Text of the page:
For the first post on the Niagara Falls Museum Register transcription project, it’s appropriate to talk about the first signatory in the earliest book we have. That man, signing on June 13, 1838, was “Jno. Blatchford” of Chicago, Illinois.
The Reverend Dr. John Blatchford, D.D. was born May 24, 1799, in Newfield (now Bridgeport), Connecticut to Rev. Samuel and Alicia Blatchford. Following an early interest in the Ministry, Blatchford received his Doctorate of Divinity at the Princeton Theological Seminary and was licensed to preach by the Presbytery of Troy in 1823 at the age of 24. He held several positions at churches in New England, including the church in his hometown over which his father had presided in his youth. In 1836, however, Rev. Blatchford’s wife, Frances (nee Wickes), took ill and he decided to move the family out to Chicago for the fresh air and open spaces.
You’d be forgiven for not associating those qualities with Chicago. Today, with a population of more than 2.7 Million, Chicago is the largest city in the Midwest. In 1836, however, the burgeoning city was a small, swampy frontier town of fewer than 3000 inhabitants. Still a year away from electing its first mayor, Chicago wasn’t serviced by rail or telegraph and had no sewer system.
The Blatchfords’ journey west was not an uneventful one. On the leg of their journey from Detroit to Chicago, they travelled across lakes Huron and Michigan on a brig called ‘Erie’. As the ship reached its destination in September of 1836, they encountered a violent storm and were shipwrecked just before they could dock in Chicago. Luckily, all members of the family survived.
It was quite a bold move for Rev. Blatchford and his family to leave the established, 150 year old church in his hometown for a wood frame, pioneer church on the edge of the wilderness. That church was the First Presbyterian Church of Chicago where he was the first pastor, serving from 1837 until 1839. During his two year appointment there, he helped establish the Presbyterian community in the whole area. There is an account from February of 1838 of the Reverend and a church elder travelling by sleigh 35 miles, and crossing a river, to help organize a church in Mechanic’s Grove.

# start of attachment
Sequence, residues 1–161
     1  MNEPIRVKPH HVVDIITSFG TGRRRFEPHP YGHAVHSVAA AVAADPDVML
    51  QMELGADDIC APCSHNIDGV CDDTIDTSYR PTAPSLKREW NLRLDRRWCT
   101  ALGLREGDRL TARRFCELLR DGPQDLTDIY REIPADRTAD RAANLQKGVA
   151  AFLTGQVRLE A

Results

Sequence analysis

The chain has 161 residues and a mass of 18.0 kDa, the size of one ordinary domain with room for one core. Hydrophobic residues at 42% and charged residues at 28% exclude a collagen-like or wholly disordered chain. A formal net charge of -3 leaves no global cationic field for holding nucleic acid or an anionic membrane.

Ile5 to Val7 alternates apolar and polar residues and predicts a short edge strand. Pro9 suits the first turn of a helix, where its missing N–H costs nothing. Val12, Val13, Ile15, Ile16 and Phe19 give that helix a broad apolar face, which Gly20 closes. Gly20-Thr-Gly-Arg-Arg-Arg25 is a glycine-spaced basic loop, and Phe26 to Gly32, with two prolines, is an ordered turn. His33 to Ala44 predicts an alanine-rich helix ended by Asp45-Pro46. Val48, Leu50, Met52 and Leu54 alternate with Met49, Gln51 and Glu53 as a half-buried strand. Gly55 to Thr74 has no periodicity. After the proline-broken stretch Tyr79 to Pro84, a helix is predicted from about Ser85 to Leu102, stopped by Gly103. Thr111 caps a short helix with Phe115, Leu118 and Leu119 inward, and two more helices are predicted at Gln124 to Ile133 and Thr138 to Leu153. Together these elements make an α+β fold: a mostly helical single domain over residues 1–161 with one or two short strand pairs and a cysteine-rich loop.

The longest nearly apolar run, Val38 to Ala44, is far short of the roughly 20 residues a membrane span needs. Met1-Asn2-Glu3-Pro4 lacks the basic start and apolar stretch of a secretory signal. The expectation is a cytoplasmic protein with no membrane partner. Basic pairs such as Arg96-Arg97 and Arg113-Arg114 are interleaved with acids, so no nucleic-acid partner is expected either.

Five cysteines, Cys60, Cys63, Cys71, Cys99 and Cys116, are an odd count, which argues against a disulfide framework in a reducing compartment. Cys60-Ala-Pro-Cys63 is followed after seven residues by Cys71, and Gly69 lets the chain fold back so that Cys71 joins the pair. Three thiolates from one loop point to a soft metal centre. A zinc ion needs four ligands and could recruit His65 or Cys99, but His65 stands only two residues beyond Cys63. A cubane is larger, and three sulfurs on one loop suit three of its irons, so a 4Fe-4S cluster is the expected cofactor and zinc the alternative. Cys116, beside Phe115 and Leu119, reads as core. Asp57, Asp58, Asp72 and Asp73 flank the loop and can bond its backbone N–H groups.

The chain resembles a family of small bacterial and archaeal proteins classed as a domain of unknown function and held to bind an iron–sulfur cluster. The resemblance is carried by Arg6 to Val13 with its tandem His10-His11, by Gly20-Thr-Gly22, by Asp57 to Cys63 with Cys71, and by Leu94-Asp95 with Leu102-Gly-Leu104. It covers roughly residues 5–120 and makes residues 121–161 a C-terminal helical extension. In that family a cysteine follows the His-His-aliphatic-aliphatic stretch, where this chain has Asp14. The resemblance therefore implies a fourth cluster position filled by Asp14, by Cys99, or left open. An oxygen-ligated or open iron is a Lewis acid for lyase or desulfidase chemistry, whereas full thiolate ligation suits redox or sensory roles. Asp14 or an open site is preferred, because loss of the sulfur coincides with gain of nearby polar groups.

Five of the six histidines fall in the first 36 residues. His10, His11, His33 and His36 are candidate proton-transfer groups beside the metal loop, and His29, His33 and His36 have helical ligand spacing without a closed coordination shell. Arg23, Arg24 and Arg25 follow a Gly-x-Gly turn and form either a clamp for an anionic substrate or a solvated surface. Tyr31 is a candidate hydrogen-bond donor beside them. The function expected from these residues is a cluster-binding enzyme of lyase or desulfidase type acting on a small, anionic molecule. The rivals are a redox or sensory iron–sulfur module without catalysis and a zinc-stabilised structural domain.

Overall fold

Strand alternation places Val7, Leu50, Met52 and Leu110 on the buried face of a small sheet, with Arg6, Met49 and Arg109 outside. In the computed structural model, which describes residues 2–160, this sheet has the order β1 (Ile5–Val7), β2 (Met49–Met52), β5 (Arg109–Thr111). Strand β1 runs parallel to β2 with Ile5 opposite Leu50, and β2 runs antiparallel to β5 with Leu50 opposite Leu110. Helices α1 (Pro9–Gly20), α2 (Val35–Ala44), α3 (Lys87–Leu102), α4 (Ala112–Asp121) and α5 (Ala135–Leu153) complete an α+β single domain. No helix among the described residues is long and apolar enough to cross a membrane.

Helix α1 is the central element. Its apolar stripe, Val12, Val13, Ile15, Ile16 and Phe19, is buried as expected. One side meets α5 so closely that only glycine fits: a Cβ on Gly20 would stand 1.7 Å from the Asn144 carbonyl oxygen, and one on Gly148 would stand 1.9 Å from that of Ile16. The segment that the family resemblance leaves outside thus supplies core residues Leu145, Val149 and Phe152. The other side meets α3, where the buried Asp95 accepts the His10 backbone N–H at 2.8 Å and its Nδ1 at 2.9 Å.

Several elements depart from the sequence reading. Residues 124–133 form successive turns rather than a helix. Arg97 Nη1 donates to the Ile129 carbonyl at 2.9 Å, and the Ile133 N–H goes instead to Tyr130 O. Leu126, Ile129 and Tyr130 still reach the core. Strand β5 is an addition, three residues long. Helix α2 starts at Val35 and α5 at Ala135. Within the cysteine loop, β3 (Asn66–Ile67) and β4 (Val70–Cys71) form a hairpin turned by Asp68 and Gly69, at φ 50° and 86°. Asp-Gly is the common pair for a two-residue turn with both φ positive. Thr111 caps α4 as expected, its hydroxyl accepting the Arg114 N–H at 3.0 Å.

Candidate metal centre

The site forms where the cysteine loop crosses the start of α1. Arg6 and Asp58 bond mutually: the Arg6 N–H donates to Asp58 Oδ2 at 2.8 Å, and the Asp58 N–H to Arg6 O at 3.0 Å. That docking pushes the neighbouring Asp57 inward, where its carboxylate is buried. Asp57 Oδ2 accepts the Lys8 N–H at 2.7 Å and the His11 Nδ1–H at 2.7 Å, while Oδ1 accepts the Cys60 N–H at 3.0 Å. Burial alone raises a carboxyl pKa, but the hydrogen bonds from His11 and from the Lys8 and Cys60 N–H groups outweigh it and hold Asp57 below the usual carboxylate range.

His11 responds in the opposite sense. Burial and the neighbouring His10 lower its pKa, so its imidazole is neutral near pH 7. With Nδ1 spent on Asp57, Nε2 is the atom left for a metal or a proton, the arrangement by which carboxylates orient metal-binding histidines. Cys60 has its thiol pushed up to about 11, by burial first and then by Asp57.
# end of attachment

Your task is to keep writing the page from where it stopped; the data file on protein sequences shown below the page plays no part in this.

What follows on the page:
From 1841-1844, he worked at Marion College, Missouri, first as a professor and then as President. Even after poor health led him to early retirement, he continued to tutor theological students in his own home. He passed away on 8 April, 1855 at the age of 56.
An unnamed minister who met Rev. Dr. Blatchford at a Presbyterian camp meeting in 1843 wrote of him, “[He] made a deep impression upon my then youthful mind. He was about forty-five years of age, yet seemed like a young man of twenty-five. He was in good health, of beaming countenance, filled with joy-giving life. Every one [sic] around him seemed to catch the inspiration that animated him. He was the manliest Minister I had ever met. No wonder the people listened to the words of truth and grace that poured from his lips! His preaching was in the demonstration of the spirit and of power."
These tours offer a unique opportunity to discover Niagara Falls through a night-time visit to one of the most historic cemeteries in Canada.
Network (Sidney Lumet 1976) 2 hrs. 1 min.
Find out how the Niagara Region’s Indigenous beadwork became so distinct, starting in the 19th century.
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